j

Mr. Nighttime said...

Retired - Well, no doubt about it, and it was greed in a Gordon Gekko-type of way, and I am well aware of it. The problem is that while greed is an obvious answer, there are two types of greed: Stupid and smart. The smart type of greed allows one to get what they want without collapsing the very thing that is supplying you with the source of money you want. Stupid greed is what this whole banking and mortgage scandal is. They were basically the gang that couldn't shoot straight. Remember the line from "Wall Street," when Charlie Sheen asks Michael Douglas why he wrecked Sheen's dad's company?

"Because it was wreckable!" Douglas answers. That is stupid greed, and that is what brought him down. Practically the same thing here.

Violet - "This whole thing baffles me so much it puts me in a run on sentence mode."

LOL, yeah, me too, and usually when I am talking. I have to remember to pause and take a breath.

Battle - The best thing to do, if you don't already, is to get a very good investment advisor to help you move that Roth into something more secure, a better Roth. If you would like, I can recommend the woman we use. She is here in town, and in general has been able to shield us from the more severe effects of this market. Yes, you should never put all your eggs in one basket, and mutual funds tend to perform better, but like everything else, it is knowing which ones to put them in. Dump all individual stocks? I'd say no, but rather do your homework. Some individual stocks are performing well, but it depends on the sector one is invested in.

Anonymous - Lots of good points here:

"Yes, and there are a couple of things that are bugging me - first, no-one seems to know the extent of the risk, as in the sub-prime debts have been sold on so many times that no-one's sure how big their exposure is."

Indeed, it was essentially a big game of three-card Monty.

"In the UK we've had one bank go under/be nationalised due to the credit crunch caused by the American sub prime market, and others in the process of merging (HBOS/Lloyds) or snapping up bargains (Barclays/Lehman Bros).

Right, well that's the way it is these days, as banks have become more globalized. If the situation were reversed, say if this all started in the UK, you would have seen the same ripple effect here.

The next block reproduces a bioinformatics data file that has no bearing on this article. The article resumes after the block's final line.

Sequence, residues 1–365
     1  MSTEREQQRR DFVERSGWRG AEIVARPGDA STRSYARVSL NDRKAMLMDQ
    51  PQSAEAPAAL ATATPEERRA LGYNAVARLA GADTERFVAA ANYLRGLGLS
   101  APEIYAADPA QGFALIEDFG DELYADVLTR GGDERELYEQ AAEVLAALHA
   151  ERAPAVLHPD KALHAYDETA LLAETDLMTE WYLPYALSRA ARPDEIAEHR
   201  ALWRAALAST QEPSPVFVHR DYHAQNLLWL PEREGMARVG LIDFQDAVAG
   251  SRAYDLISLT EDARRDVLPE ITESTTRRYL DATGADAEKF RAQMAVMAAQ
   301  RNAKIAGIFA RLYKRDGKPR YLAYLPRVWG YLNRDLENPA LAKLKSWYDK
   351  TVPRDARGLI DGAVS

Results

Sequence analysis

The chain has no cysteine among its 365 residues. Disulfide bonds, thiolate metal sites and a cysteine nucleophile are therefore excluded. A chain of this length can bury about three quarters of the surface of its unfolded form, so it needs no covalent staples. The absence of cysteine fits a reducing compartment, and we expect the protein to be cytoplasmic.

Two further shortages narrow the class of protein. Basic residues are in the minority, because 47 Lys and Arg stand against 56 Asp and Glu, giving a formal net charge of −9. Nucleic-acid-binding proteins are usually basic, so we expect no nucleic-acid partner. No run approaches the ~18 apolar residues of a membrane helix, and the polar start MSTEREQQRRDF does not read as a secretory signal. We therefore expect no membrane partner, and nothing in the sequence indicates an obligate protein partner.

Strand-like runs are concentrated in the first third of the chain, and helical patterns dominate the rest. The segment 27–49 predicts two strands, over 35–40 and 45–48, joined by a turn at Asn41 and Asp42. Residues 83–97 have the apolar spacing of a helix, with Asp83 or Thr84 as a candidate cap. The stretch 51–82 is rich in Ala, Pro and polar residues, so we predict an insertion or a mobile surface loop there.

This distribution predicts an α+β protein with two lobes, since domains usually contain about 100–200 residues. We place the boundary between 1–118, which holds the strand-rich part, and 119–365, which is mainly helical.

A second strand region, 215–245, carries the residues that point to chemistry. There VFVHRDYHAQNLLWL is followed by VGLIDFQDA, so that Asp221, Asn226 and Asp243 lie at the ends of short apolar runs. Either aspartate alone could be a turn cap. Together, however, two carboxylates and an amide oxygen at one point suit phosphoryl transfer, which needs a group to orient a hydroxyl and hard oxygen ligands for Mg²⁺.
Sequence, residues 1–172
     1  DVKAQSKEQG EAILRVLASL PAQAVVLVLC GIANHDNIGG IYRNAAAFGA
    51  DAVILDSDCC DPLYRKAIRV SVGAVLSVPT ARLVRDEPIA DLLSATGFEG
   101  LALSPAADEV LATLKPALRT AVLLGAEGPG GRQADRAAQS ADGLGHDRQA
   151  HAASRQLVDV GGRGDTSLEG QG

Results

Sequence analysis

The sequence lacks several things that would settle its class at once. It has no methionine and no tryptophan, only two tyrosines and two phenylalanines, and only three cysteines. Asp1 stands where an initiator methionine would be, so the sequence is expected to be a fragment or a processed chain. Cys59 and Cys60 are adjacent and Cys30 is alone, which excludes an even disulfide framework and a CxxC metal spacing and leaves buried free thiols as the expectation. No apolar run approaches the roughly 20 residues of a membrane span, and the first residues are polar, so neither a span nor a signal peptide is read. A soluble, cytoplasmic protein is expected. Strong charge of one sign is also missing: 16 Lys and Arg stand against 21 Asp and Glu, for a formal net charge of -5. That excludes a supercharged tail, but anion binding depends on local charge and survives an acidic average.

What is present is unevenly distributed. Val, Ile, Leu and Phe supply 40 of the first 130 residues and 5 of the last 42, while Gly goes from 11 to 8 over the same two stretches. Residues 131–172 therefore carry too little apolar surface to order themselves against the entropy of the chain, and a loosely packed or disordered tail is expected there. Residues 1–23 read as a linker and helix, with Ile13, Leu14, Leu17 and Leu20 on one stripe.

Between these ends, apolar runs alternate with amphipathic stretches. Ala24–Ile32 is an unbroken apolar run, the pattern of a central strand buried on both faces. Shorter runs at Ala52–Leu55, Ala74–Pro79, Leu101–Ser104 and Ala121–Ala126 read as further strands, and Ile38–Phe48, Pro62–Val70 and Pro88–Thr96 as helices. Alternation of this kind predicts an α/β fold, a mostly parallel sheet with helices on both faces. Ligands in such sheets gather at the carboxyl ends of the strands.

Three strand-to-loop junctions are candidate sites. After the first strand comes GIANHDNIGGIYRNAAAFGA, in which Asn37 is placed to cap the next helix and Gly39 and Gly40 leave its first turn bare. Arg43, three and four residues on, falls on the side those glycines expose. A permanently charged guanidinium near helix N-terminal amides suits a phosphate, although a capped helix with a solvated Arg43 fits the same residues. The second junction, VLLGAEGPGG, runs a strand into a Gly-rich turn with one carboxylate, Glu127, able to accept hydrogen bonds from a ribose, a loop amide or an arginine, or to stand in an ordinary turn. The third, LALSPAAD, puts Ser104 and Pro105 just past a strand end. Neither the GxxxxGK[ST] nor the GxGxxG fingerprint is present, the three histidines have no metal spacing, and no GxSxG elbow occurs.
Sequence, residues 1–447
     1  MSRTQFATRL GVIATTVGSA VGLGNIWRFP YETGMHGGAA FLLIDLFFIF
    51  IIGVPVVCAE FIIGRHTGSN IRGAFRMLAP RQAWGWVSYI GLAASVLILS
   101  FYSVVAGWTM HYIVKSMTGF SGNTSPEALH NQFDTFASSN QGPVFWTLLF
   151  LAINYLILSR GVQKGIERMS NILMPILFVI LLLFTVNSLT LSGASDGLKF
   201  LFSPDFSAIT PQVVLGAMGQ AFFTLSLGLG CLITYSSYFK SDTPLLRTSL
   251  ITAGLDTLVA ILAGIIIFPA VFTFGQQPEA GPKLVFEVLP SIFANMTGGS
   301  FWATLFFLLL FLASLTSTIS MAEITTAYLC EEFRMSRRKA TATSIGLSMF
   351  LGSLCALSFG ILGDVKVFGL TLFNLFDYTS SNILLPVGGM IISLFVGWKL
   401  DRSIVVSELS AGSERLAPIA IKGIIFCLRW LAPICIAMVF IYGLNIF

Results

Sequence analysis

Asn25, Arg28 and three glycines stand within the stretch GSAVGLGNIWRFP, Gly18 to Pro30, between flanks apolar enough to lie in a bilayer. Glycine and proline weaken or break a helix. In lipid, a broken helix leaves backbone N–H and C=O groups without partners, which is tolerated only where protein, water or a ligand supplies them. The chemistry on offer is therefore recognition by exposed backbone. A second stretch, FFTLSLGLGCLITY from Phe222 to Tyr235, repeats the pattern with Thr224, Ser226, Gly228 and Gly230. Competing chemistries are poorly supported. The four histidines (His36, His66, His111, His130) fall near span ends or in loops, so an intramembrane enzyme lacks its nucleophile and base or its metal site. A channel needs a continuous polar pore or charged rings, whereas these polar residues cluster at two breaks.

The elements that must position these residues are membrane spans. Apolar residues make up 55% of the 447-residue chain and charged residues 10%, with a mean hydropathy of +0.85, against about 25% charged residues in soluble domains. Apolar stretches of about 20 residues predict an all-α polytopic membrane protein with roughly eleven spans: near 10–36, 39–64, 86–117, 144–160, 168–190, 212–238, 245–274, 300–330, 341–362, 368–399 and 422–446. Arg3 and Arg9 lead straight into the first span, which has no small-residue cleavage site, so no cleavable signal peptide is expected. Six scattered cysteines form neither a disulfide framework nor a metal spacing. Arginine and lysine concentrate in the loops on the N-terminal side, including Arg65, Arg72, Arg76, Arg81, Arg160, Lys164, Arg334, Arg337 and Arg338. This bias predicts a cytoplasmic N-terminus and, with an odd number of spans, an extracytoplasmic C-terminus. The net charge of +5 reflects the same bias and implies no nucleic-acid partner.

"Secondly, the city slicker fat cats earn massive bonuses during the good years (fair play to them, I wouldn't like the stress levels), so why are WE having to bale them out during the lean years."

I think a lot of it depends on the type of institutions. In the case of Freddie Mac and Fannie Mae, the gov't was so wrapped up in these two organizations that everyone agrees that bailing them out was the right thing to do. Lehman Bros. and AIG on the other hand are another story all together. I don't understand why they are doing the right thing with Lehman, and the wrong thing with AIG.

"In any case the days of the American economy as world leader (both upwards and downwards) are coming to an end, with the twin powers of China and India taking over. We'll just have to wait and see if two economies, with different rates of rise and fall have more or less impact globally than the American economy has had for the past 70 years."

I'm not so sure this is the case. India has a long way to go in terms of it's national infrastructure, amongst other things. And China, as powerful as it already is, will have to eventually dump the yoke of Communist rule if it truly wants its economy to perform in a market environment. Also, as history points out, the American economy is incredibly resilient. This is an enormous economic correction to be sure, but I am not with the doom and gloom crowd. I suspect that after all the smoke clears and the shit hits the fan, that our economy will rebound. The bigger question is; who will have the guts to reform the system without crippling it?

AnneDroid said...

My brain cannot cope with the off-side rule in soccer and the money markets.

But I DO grasp that things aren't very good!

Anonymous said...

On your last question I'd guess that Obama has better access to Clintons economists than McCain, then again depends on to what extent william has desisted from chucking toys out of perambulator;-)
j

Jay said...

We've been very concerned over the last few weeks. As you will know, what happens to your stock market, will follow in ours, as night follows day, and the market here has been plummeting.

Seems like good news this morning though, with a tentative recovery on the charts! Long may it continue!